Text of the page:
Change for GreenLancaster

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GreenLancaster are currently undergoing change as the previous manager of the scheme resigned before Christmas, with no permanent replacement installed yet.
Darren Axe, GreenLancaster’s project intern, assured SCAN that this will have “no impact on day to day operations, with 175 students engaged in various projects, with new projects to be introduced over the next few weeks.” He highlighted the work done by these students last term, such as those who had placements with the Lancashire Wildlife Trust and the RSPB.

However, Axe added that there may be “small changes in terms of events and projects, it depends on the [new] staff member, but we have a highly specified remit from V [the national young volunteers service], who we have to report back to four times a year, and Facilities, who part fund us.

Sarah Hinton, assistant director of LUVU, said: “This term we are going to make a big push on promoting the work of the students and also advertise new opportunities, as well as raise the profile of the unit,” adding that “we are also keen to hear from students who have their own ideas for projects as we want the work of GreenLancaster to be shaped by the students.

GreenLancaster have recently relaunched their carbon competition in Pendle, County, and Grizedale colleges, hoping to repeat the success of last term. The pioneering competition, which rewards the flat that uses the least energy over a set period of time, began on Monday 18th January and aims to encourage students living on campus to be more aware of their effect on the environment.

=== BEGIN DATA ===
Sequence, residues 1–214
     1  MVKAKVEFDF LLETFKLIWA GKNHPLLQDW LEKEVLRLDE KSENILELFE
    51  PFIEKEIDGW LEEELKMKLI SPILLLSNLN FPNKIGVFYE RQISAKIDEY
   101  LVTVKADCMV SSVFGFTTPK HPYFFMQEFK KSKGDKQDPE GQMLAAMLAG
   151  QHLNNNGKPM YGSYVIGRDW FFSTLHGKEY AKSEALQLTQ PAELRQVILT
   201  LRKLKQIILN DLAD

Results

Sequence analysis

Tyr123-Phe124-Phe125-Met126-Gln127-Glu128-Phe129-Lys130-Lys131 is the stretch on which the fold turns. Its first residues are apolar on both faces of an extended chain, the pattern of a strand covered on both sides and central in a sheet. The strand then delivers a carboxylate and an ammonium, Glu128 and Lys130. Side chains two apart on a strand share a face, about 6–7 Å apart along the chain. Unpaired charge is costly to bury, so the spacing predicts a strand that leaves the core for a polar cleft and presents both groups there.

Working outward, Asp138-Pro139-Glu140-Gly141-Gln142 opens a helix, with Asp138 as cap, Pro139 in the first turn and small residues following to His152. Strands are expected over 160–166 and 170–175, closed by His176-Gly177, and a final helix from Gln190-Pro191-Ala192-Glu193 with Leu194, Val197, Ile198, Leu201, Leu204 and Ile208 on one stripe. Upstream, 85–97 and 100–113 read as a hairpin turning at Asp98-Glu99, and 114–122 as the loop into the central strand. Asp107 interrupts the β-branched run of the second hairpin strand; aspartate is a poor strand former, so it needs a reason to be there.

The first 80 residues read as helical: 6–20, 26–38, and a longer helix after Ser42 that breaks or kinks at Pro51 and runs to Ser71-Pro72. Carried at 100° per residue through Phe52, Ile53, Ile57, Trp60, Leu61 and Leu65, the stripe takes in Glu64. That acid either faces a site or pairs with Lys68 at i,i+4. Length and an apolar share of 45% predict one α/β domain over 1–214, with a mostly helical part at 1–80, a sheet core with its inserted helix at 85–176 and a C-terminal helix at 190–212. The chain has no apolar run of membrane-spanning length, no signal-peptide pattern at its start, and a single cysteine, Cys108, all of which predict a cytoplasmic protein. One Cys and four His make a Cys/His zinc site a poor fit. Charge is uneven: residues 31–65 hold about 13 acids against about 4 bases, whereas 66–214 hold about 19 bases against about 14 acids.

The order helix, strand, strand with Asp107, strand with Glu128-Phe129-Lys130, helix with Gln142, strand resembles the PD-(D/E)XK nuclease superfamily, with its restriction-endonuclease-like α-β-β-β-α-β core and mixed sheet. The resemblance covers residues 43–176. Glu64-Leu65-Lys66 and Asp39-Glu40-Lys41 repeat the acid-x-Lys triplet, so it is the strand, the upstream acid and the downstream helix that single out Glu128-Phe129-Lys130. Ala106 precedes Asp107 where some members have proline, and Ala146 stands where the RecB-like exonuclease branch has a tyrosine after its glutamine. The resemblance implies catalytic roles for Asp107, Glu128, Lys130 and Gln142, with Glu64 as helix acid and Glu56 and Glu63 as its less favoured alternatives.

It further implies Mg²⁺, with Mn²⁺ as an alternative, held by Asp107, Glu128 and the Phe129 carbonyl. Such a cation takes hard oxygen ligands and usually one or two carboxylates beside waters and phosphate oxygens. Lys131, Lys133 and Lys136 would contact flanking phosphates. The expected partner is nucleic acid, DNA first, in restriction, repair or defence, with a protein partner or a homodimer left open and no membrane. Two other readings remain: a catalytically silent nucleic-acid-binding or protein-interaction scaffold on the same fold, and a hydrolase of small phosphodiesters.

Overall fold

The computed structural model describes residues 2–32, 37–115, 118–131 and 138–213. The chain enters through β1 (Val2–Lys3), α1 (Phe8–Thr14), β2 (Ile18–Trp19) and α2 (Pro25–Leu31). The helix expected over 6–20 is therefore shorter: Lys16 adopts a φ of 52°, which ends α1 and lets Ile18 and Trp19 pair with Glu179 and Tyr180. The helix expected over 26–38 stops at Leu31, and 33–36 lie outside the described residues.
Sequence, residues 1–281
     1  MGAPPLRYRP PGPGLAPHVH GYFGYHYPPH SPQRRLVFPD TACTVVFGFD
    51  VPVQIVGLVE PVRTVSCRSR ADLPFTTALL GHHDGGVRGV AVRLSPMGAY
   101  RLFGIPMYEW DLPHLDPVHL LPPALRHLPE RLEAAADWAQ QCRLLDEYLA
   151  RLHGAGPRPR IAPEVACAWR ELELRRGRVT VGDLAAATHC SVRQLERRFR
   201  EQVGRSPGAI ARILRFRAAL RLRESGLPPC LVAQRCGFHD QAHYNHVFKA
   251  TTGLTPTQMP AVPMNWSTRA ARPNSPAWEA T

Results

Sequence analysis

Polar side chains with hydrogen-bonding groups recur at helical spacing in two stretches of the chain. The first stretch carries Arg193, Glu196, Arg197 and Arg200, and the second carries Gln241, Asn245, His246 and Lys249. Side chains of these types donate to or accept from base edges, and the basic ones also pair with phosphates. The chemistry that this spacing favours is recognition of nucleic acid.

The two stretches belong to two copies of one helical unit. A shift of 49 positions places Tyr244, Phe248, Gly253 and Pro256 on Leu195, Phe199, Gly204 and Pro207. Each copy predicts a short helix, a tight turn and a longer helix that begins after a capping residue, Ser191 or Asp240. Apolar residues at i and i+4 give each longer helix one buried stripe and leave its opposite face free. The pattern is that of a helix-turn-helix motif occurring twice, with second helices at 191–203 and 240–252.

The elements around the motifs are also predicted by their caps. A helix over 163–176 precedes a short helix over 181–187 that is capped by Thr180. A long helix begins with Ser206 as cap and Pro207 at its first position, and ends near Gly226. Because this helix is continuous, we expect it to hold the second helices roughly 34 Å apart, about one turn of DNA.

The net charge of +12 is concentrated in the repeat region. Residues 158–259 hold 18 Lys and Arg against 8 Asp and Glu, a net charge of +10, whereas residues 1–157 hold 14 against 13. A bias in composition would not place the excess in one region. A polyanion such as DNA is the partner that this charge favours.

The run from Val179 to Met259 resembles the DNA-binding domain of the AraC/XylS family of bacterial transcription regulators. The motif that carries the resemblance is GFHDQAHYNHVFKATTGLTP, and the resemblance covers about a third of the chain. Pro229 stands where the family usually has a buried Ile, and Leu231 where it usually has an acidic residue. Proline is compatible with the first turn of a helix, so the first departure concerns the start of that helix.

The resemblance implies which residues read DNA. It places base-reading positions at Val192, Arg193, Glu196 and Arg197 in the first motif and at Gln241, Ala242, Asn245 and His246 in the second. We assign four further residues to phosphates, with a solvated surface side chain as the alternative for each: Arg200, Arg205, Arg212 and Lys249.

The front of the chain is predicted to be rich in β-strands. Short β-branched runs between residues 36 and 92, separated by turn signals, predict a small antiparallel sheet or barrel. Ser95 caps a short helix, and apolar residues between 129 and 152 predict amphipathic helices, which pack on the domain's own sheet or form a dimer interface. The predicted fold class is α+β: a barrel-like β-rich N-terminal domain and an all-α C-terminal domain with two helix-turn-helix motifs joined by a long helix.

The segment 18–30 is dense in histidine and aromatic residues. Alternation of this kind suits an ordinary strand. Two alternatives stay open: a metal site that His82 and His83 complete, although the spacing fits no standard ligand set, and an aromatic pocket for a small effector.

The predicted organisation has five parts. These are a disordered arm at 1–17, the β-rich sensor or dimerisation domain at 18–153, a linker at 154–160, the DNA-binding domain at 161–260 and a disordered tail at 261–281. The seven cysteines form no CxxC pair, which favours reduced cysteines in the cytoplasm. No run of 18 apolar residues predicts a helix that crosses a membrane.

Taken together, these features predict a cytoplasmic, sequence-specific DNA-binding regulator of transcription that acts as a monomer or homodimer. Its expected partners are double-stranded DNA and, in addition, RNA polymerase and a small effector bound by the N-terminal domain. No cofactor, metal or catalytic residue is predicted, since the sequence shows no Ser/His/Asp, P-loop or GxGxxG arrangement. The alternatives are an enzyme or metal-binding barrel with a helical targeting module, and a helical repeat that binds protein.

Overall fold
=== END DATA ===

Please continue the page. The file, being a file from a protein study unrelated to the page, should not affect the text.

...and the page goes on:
Axe suggested that ensuring the competition achieves its aims is a challenge. “It’s difficult to engage all flats in a 52 flat college – how do you get number 49 on the league table for example to fill up less of the kettle? This is why last term we introduced a ‘most improved’ flat prize, to incentivize people.”

Last term the project involved over 900 students, with some acting as ‘light police’ to turn off unused equipment and several flats holding ‘lights out’ nights once a week. Incentives throughout the term included trolley dashes in stores on campus, cinema tickets, cash prizes, and VIP nights at local bars. An awards ceremony was held at the end of term, which Hinton said was “well attended” and “celebrated the achievements of the most energy-conscious kitchens.”

Hinton added that “technicalities with new computer systems have meant we have spent more time than planned on making the competition work”, but they “hope that [the competition] can be rolled out to other colleges.”

Currently the competition is limited to a certain number of colleges, as the smart meters used to measure energy usage are expensive – adding Pendle college to the competition last term took up a large proportion of GreenLancaster’s budget. Axe added that the university’s Facilities department are “potentially interested” in providing funds to extend the usage of the meters if they are “proven to reduce energy”, although specific percentage targets have not been imposed. The two parties are instead more interested in using qualitative research, such as surveys, to see if the scheme raises awareness of the issues.

Information on how to get involved is available at www.greenlancaster.org.uk.

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